The desserts, on the other hand, are still knockouts. Marie had this chocolate thing with a raspberry drizzle. I chose to photograph that, and not the beers that we enjoyed, because I’m dashed if I can figure how to shoot glasses of beer and make them look in any way distinctive. (The resulting photos, sadly, were too awful to show you!) This was an excellent cake, and really a fine way to wrap up a day’s good eating. Marie would probably tell you that this was her favorite meal of the day, particularly when washed down with the house’s excellent root beer.
The beers were indeed really good, and I quite liked the restaurant’s cute policy with mugs. You can buy a numbered mug here for $50 and thereafter enjoy a pint for $1 less than in a glass. If you’re planning to make this place a regular haunt, it pays for itself in a few months.
Sadly, Ric had not been in for quite some time – his mug had long since been paid for and then some – and was surprised to learn that his mug had been destroyed! They are kept on hooks in the entry way, and some time back, a rack of hooks fell off the ceiling and the mugs shattered on the floor. The Cannon has been waiting for all their mug owners to return and reclaim their lost property. So Ric filled out a form and enjoyed his beers from a pint glass like the rest of us.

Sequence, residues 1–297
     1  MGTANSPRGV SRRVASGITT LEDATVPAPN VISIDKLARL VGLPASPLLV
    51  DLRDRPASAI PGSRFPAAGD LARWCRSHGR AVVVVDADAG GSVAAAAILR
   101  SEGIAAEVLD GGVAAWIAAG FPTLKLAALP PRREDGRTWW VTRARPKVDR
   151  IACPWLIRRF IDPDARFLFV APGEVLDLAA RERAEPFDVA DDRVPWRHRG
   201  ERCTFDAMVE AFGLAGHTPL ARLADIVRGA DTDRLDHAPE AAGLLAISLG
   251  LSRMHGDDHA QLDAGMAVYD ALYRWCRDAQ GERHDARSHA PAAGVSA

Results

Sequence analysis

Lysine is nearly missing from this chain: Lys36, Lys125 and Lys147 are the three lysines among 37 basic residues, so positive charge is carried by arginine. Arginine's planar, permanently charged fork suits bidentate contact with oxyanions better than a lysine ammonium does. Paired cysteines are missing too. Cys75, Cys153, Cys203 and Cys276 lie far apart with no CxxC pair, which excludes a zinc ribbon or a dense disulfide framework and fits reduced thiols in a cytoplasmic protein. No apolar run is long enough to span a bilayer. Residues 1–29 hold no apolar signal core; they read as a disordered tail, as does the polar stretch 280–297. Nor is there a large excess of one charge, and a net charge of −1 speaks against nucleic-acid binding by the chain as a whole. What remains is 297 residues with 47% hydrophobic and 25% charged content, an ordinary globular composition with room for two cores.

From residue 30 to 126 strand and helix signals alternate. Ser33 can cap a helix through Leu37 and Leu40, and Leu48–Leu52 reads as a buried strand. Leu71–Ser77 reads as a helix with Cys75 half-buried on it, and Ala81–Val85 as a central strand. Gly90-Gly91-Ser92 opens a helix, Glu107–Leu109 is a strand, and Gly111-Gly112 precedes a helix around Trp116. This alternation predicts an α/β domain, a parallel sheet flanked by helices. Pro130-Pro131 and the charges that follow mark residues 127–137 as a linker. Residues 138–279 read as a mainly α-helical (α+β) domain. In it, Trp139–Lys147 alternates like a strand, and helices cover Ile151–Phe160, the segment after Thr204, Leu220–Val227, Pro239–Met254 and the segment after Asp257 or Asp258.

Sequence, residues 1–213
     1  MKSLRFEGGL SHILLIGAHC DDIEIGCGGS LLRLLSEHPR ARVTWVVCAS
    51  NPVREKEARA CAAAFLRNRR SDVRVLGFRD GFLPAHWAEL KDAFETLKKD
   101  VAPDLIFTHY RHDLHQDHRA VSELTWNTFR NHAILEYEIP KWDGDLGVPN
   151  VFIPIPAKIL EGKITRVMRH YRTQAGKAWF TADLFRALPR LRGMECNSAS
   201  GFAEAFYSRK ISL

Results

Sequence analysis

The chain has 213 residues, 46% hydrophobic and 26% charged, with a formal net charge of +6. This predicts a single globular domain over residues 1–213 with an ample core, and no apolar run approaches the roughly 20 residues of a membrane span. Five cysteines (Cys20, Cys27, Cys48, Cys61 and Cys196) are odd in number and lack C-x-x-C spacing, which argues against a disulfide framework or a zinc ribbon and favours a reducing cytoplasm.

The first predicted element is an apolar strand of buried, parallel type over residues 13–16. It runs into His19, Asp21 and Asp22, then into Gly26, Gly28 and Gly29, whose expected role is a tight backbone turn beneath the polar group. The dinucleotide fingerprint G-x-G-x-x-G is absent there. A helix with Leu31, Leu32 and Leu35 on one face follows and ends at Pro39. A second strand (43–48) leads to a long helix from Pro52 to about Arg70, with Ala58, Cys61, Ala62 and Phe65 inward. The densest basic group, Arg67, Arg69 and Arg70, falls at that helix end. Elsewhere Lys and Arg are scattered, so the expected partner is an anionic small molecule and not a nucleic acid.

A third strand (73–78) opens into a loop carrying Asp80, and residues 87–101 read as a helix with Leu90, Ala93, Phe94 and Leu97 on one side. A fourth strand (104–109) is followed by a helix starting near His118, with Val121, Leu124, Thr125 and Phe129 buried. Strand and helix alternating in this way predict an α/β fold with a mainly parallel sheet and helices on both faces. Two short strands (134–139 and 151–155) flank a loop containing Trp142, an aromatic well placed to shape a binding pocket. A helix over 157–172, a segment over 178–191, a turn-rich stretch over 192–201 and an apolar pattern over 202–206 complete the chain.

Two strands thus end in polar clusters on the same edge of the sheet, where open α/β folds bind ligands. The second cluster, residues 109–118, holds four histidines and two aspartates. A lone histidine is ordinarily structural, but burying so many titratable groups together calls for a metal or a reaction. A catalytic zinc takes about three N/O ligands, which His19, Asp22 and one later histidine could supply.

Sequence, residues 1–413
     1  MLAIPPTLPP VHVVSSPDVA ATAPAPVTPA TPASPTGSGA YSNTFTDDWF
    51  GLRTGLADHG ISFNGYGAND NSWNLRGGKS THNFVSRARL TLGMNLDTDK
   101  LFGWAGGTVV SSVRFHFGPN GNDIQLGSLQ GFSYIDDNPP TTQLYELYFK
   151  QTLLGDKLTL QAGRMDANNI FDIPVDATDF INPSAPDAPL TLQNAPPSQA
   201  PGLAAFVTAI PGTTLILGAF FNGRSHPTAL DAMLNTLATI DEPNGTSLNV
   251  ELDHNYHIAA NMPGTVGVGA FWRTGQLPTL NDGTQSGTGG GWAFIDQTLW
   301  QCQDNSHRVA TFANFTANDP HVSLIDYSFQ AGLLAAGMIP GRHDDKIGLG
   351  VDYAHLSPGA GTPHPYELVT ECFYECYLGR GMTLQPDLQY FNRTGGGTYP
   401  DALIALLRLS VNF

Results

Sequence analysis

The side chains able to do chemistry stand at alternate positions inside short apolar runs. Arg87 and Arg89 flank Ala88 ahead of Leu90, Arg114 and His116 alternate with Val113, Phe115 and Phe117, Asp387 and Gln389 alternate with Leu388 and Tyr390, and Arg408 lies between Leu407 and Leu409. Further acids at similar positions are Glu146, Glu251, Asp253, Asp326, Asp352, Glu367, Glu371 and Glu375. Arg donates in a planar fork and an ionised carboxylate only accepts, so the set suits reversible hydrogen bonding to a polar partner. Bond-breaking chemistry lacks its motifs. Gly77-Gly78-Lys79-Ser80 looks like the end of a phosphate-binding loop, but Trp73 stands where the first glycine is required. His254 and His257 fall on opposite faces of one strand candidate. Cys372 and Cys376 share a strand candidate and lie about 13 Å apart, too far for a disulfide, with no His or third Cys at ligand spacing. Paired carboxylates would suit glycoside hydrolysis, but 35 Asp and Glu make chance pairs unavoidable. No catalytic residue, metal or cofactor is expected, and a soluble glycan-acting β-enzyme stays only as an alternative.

I tried the Ironclad Stout, which was perfectly acceptable, but the Red Jacket Amber was the real winner. I have not had a bottle of John Courage in better than ten years, but this tastes exactly as I remember that. It was my favorite amber ale. I could indeed drink a fair amount of that. Unfortunately, of course, I’m such a lightweight these days that two pints are my limit. Well, two pints and a few sips of Marie’s root beer. This trip really did drive the baby to distraction and the loud music in the Cannon was too much. He started hollering, unhappy, undernapped, and overstimulated. We called it a day around 9 and Marie took the wheel to drive home.
We’ll be back in town before too much longer to hike around Providence Canyon. Certainly before Thanksgiving, anyway, and probably sooner. Much more barbecue in the region awaits us, and, probably, another glass of this wonderful root beer. Mmmmm.